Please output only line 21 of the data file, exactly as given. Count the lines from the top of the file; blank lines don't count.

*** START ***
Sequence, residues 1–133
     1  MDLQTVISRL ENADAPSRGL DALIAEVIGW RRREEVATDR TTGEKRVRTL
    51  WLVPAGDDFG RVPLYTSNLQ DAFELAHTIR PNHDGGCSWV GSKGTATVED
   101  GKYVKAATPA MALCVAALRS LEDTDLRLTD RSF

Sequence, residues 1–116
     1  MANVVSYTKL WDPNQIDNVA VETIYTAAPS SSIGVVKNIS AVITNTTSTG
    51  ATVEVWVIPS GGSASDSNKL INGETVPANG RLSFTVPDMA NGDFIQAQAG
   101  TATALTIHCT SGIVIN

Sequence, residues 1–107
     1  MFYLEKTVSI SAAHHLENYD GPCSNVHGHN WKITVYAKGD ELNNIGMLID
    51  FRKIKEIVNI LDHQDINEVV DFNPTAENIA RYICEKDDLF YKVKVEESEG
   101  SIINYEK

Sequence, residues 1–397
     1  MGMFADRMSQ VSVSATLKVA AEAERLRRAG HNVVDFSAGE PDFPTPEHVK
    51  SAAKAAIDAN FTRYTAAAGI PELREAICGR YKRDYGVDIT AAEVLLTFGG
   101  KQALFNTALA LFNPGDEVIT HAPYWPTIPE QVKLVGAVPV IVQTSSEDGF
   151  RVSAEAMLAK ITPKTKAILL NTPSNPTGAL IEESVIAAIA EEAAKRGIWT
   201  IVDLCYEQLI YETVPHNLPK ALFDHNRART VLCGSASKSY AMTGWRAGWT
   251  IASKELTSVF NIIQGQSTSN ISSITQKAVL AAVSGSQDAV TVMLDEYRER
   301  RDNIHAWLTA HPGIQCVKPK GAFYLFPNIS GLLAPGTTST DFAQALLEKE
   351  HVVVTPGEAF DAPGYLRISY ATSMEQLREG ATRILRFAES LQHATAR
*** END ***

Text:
   351  HVVVTPGEAF DAPGYLRISY ATSMEQLREG ATRILRFAES LQHATAR